The most common prescription antibiotic used to treat giardia is metronidazole, according to the CDC ( Metronidazole is taken orally for 5-7 days. Tinidazole is another antibiotic that can be prescribed and only needs to be taken for 1-2 days.

These antibiotics work by stopping the growth of the giardia parasite. It is important to take the full course as prescribed, even if symptoms improve, in order to fully eliminate the infection.

Over-the-counter medications like loperamide or bismuth subsalicylate can help manage diarrhea symptoms. Staying hydrated with fluids and electrolytes is also important. Probiotics may help restore healthy gut bacteria after antibiotic treatment.

See a doctor if symptoms persist after treatment, as further testing may be needed. Recurrent infections can occur after treatment.

When to see a doctor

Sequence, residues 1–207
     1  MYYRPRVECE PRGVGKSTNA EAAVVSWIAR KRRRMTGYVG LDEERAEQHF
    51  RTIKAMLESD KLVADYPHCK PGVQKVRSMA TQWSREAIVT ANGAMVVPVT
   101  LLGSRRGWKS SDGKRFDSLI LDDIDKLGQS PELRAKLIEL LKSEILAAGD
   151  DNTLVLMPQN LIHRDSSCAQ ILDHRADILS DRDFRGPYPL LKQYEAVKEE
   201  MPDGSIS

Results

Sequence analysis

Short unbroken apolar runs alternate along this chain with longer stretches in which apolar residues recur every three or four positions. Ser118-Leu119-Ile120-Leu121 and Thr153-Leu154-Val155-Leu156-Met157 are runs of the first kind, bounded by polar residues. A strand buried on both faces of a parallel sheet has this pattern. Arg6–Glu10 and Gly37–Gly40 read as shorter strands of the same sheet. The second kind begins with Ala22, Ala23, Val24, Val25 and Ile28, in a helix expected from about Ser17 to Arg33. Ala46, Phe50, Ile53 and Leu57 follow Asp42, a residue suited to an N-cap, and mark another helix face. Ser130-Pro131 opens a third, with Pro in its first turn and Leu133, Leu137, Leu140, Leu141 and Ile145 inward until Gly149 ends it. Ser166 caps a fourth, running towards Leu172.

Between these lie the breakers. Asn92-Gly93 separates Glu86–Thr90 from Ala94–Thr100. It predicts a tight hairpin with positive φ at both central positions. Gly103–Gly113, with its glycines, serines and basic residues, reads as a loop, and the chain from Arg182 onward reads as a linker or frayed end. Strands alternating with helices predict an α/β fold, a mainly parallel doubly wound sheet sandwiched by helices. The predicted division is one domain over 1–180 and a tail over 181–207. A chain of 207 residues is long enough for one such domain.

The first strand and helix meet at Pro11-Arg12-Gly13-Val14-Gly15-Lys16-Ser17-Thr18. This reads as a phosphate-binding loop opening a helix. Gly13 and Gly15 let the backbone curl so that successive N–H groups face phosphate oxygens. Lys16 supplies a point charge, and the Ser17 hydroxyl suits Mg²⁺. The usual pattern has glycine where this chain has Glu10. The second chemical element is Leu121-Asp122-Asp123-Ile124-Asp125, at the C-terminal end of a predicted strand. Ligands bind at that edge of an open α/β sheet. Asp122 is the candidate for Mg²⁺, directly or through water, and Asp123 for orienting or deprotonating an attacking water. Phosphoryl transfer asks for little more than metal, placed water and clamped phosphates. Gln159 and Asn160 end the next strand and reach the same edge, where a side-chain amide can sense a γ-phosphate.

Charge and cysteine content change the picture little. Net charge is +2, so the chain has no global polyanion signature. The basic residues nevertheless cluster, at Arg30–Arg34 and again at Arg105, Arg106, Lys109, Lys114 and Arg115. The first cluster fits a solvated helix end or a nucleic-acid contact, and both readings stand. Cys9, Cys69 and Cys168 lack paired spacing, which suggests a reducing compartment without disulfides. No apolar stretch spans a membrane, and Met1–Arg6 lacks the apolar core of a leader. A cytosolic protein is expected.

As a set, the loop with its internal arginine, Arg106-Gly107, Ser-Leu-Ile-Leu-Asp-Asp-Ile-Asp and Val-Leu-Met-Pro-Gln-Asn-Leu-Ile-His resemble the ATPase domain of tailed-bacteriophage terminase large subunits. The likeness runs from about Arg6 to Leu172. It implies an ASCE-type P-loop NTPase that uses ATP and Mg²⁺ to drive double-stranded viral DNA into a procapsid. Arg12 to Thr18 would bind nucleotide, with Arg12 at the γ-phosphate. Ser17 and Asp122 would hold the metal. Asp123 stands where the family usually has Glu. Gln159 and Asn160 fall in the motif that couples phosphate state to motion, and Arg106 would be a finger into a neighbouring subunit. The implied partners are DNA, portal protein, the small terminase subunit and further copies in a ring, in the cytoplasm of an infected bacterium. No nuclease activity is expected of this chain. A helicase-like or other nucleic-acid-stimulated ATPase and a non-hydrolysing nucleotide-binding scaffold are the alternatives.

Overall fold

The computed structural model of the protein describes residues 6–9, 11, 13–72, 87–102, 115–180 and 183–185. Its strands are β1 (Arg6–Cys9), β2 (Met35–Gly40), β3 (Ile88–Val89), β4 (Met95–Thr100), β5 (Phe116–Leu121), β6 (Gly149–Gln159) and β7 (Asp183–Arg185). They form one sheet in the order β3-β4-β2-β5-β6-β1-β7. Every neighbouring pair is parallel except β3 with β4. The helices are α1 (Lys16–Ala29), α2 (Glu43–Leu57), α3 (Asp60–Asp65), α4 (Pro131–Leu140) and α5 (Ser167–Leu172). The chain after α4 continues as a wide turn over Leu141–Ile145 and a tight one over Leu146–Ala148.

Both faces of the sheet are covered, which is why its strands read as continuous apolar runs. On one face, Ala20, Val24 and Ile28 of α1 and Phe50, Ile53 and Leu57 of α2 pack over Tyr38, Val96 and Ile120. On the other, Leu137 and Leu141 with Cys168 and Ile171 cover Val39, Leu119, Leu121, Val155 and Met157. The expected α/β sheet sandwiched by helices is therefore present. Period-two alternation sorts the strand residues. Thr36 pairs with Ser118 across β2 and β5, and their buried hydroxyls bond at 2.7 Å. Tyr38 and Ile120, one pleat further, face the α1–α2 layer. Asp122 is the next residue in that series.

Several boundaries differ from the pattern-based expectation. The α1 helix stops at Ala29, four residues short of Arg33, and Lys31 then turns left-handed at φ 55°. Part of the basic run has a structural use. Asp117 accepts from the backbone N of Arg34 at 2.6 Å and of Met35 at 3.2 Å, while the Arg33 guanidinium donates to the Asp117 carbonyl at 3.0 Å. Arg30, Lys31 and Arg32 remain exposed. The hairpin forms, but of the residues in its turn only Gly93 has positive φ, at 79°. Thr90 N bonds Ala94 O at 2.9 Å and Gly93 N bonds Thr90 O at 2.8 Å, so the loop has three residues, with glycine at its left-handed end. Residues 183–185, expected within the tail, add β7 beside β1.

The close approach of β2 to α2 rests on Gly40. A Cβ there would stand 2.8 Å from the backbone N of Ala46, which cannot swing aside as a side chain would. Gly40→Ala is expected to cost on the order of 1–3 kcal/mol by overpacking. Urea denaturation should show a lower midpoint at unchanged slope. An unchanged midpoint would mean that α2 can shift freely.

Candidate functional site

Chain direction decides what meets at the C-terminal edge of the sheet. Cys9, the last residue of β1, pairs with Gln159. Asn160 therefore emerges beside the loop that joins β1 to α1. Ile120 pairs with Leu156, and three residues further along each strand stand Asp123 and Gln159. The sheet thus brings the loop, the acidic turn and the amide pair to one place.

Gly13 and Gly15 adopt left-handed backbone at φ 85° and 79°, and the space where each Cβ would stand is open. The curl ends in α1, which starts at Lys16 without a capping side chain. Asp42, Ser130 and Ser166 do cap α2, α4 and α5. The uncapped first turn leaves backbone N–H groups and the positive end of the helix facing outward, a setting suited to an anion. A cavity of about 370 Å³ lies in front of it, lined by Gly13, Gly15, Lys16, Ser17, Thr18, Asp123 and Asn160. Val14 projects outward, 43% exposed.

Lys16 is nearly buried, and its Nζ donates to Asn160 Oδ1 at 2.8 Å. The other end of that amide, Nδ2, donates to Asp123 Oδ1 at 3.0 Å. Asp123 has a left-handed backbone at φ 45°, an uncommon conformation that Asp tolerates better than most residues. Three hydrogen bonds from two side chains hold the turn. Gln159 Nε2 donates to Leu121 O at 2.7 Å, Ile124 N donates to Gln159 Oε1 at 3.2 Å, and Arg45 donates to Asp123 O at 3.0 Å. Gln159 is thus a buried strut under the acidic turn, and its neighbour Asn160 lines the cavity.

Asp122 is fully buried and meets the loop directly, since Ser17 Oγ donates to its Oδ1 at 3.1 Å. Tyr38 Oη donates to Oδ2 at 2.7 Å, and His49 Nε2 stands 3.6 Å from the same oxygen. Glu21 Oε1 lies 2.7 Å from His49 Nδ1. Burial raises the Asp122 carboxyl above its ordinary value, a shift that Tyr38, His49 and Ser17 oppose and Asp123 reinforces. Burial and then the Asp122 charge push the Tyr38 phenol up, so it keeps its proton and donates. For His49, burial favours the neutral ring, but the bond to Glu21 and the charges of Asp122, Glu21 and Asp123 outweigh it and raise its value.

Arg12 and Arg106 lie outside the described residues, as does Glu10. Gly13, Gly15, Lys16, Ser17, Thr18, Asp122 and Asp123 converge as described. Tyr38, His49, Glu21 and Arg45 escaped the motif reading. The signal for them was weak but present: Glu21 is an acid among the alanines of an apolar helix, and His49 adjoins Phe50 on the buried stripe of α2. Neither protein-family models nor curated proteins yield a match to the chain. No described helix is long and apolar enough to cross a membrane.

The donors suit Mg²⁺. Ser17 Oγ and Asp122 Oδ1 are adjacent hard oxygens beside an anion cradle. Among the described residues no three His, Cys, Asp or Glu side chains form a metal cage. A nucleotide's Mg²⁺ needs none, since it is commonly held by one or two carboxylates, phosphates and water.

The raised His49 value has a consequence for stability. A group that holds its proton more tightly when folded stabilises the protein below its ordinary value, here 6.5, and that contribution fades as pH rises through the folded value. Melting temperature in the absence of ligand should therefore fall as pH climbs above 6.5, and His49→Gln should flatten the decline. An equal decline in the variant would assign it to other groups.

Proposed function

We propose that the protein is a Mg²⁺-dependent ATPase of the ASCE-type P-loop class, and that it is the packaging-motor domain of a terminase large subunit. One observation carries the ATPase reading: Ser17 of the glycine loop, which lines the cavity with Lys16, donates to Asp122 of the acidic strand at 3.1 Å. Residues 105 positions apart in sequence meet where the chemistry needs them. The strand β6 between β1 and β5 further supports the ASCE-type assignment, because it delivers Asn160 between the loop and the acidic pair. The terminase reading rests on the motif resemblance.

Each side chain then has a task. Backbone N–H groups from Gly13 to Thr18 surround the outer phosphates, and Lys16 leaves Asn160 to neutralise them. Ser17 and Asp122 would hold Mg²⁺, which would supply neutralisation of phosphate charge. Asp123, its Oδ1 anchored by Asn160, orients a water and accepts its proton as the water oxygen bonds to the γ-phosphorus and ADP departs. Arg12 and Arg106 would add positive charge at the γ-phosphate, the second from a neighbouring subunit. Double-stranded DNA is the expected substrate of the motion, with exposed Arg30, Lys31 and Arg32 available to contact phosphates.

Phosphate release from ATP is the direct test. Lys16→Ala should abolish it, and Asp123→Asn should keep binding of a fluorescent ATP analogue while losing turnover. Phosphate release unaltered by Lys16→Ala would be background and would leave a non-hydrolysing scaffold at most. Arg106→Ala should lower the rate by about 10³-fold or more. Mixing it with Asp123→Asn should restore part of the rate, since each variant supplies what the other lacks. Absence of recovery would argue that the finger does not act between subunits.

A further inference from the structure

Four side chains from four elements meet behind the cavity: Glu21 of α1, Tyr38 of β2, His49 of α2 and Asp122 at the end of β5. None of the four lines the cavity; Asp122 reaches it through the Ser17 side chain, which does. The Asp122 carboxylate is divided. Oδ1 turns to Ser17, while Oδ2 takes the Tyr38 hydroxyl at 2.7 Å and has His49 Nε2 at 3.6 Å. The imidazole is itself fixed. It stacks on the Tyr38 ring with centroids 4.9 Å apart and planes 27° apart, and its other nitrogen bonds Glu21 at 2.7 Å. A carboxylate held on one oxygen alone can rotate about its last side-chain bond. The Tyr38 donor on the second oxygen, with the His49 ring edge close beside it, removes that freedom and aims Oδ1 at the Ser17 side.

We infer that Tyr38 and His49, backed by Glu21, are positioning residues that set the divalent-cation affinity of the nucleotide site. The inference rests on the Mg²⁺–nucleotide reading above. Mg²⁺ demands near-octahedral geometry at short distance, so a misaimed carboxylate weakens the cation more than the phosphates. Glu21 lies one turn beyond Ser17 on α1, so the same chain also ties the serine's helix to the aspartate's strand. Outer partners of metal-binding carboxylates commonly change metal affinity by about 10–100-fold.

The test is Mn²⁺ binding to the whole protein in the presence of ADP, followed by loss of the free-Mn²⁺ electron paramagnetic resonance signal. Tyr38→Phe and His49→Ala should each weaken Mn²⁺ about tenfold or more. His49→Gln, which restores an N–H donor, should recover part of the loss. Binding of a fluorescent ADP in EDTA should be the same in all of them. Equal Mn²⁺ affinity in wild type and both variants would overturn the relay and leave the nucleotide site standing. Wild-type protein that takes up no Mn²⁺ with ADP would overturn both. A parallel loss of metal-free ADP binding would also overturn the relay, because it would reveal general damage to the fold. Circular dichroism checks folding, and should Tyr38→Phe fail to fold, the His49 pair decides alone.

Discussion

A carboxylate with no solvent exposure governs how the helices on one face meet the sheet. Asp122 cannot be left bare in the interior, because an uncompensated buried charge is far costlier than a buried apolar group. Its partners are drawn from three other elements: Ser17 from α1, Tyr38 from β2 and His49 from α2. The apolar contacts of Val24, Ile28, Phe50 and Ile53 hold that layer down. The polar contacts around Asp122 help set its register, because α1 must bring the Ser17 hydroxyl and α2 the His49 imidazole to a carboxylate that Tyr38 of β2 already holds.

If your diarrhea, stomach cramping, bloating, and nausea persist for more than 1 week without improvement, it’s important to see your doctor for an evaluation (source). Giardia usually resolves on its own within a few weeks, but a lingering infection can lead to dehydration and malnutrition. Getting tested can confirm if Giardia is the cause of your symptoms.

Signs of dehydration include dry mouth, decreased urine output, dizziness, and dark yellow urine. Severe dehydration requires urgent medical care to prevent complications. Your doctor can assess for dehydration and may recommend IV fluids if necessary.

To test for Giardia, your doctor will likely collect a stool sample and send it to a lab for microscopic examination or antigen testing. This is the most accurate way to diagnose a Giardia infection (source). Your doctor can provide proper treatment if Giardia is confirmed.